Lancashire Legends, Traditions, Pageants, Sports, &c./Part 1/Turton Tower
Turton Tower is now one of the most interesting structures in the neighbourhood of Bolton. The manor is said to have been granted by William the Conqueror to De Orrell, one of his followers, for military services rendered to him in the conquest of England. De Orrell, having fixed upon the place of his residence, erected a strong house of defence, which was afterwards known as Turton Tower; and it is said that the wages of the workmen were then only one penny a day. Even at this low rate of payment the Tower is said to have been built in such a style of magnificence that the family never recovered from the difficulties created by the immense outlay. The principal portions of the Tower, as it now exists, were built of stone by William, son of John Orrell, Esq., in 1596; but the older portions still retain their gabled wood-and-plaster decorations, so characteristic of the many ancient mansions of the early Tudor period still or lately existing in Lancashire. The Orrells disposed of their estates to the noted Humphrey Chetham; and subsequently, through Mr Hoare, it became the property of James Kay, Esq., of Pendleton, who has made it his principal residence, and has restored the decayed portions of the house with strict regard to their original design. Some years ago the writer spent several pleasant hours in and around this imposing feudal structure, and heard the tradition that the tower is haunted by a lady who can occasionally be heard passing along the lobbies and into the rooms, as if dressed in very stiff rustling silk, but is never able to be seen. It is said, that the sound is most distinct as she sweeps along the broad massive oaken staircase which leads from the hall into the upper rooms. Many traditions also prevail in the neighbourhood respecting the wealth and expenditure of Sir Humphrey Chetham during his residence at the Tower; and certainly they are quite justified by those portions of the structure which bear his name.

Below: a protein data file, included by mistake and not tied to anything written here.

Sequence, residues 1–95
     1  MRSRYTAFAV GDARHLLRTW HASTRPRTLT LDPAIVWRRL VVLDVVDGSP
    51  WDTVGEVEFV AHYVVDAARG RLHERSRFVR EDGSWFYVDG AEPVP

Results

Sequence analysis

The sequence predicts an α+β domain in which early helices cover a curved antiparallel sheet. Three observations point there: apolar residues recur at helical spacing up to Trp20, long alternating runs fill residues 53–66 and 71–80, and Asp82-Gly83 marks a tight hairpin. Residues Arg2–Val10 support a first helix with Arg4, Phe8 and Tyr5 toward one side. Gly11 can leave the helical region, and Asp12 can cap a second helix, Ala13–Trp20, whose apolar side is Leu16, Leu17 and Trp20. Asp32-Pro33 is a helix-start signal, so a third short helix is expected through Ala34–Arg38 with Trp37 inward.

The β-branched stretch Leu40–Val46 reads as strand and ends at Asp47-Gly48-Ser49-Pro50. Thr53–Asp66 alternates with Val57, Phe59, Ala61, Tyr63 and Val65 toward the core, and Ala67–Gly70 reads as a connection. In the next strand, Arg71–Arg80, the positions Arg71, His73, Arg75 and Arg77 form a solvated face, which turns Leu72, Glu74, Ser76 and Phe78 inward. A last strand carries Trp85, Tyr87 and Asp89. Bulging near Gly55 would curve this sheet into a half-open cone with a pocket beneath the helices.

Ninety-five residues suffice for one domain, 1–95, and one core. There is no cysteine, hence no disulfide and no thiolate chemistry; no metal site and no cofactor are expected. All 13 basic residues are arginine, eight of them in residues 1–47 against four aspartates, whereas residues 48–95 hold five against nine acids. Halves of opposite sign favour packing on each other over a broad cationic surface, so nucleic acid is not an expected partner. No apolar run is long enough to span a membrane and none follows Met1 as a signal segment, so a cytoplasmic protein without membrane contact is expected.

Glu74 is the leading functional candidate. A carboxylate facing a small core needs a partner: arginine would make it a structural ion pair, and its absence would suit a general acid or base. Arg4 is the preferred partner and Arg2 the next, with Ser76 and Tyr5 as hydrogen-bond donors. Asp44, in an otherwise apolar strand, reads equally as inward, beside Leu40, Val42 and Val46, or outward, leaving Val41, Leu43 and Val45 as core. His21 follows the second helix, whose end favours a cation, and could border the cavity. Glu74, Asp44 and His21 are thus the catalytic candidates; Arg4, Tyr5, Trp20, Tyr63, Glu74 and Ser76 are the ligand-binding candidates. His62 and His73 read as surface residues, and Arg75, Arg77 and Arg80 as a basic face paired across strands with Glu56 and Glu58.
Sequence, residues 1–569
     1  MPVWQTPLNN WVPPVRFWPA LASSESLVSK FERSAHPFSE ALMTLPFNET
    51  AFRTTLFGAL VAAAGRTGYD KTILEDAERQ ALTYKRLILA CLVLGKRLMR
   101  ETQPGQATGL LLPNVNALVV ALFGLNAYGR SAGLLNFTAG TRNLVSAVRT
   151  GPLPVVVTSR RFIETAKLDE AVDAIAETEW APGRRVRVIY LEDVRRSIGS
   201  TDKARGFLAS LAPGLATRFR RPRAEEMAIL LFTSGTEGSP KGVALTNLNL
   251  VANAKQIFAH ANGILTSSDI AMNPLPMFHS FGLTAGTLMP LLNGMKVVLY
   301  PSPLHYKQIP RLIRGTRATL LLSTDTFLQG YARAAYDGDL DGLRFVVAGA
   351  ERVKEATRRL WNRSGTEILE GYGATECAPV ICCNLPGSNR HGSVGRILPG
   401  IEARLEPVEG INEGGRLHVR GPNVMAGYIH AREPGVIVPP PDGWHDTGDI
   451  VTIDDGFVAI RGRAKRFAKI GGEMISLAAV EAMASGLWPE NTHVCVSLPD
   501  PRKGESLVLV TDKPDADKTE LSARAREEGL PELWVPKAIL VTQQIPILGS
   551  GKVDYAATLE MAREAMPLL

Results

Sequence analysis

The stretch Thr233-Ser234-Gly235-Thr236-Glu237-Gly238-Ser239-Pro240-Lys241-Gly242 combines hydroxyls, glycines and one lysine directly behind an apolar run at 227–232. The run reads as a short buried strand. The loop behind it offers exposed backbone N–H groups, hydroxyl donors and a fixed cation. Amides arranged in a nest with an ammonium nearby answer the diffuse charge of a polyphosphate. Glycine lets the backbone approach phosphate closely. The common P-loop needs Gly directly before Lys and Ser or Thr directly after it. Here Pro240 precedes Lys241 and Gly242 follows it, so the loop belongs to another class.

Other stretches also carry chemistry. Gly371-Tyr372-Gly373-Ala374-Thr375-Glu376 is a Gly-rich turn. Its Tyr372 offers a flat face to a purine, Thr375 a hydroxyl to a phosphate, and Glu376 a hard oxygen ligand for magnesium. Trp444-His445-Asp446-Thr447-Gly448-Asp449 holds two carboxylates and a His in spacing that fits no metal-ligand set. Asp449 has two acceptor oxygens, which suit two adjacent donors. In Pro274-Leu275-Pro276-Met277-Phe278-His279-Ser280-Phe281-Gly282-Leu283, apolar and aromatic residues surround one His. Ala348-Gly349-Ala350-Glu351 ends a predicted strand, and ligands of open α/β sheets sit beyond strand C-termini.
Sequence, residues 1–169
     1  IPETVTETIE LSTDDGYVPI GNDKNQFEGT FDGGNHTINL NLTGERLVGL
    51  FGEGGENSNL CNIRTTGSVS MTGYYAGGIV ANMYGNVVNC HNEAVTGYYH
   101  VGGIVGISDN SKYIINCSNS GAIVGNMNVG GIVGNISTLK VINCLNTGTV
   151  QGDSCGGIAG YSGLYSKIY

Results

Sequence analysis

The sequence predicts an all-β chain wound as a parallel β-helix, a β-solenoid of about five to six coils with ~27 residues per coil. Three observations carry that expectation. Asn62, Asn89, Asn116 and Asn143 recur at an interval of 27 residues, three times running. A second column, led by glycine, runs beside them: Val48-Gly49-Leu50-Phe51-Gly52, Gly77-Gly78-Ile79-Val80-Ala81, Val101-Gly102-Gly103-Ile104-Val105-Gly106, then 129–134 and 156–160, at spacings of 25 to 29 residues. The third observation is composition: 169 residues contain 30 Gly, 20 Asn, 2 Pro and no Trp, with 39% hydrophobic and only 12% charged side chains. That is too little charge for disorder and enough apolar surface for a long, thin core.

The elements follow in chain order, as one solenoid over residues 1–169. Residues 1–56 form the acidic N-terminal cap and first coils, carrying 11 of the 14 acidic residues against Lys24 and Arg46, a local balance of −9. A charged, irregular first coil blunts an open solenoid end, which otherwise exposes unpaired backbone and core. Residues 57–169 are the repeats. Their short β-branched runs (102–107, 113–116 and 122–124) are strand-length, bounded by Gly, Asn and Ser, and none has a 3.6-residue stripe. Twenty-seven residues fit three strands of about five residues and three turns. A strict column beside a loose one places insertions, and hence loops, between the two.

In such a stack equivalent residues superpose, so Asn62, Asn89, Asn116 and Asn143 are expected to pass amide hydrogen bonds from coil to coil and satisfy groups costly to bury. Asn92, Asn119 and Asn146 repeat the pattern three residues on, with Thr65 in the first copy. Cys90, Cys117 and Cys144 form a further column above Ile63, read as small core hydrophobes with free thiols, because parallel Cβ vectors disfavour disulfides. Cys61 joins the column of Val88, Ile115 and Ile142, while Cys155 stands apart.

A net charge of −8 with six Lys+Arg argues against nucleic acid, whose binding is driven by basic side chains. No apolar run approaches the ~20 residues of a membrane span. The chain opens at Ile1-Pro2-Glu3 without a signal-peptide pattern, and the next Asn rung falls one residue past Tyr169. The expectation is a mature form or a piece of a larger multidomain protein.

At a short distance from the Tower there is a farmhouse, known by the name of Timberbottom, or the Skull House. It is so called from the circumstance that two skulls are or were kept here, one of which was much decayed, and the other appeared to have been cut through by a blow from some sharp instrument. Tradition says that these skulls must be kept in the house, or the inmates will never cease to be disturbed. They are said to have been buried many times in the graveyard at Bradshaw Chapel, but they have always had to be exhumed and brought back to the farmhouse. They have even been thrown into the adjacent river, but to no purpose; for they had to be fished up and restored to their old quarters before the ghosts of their owners could once more rest in peace.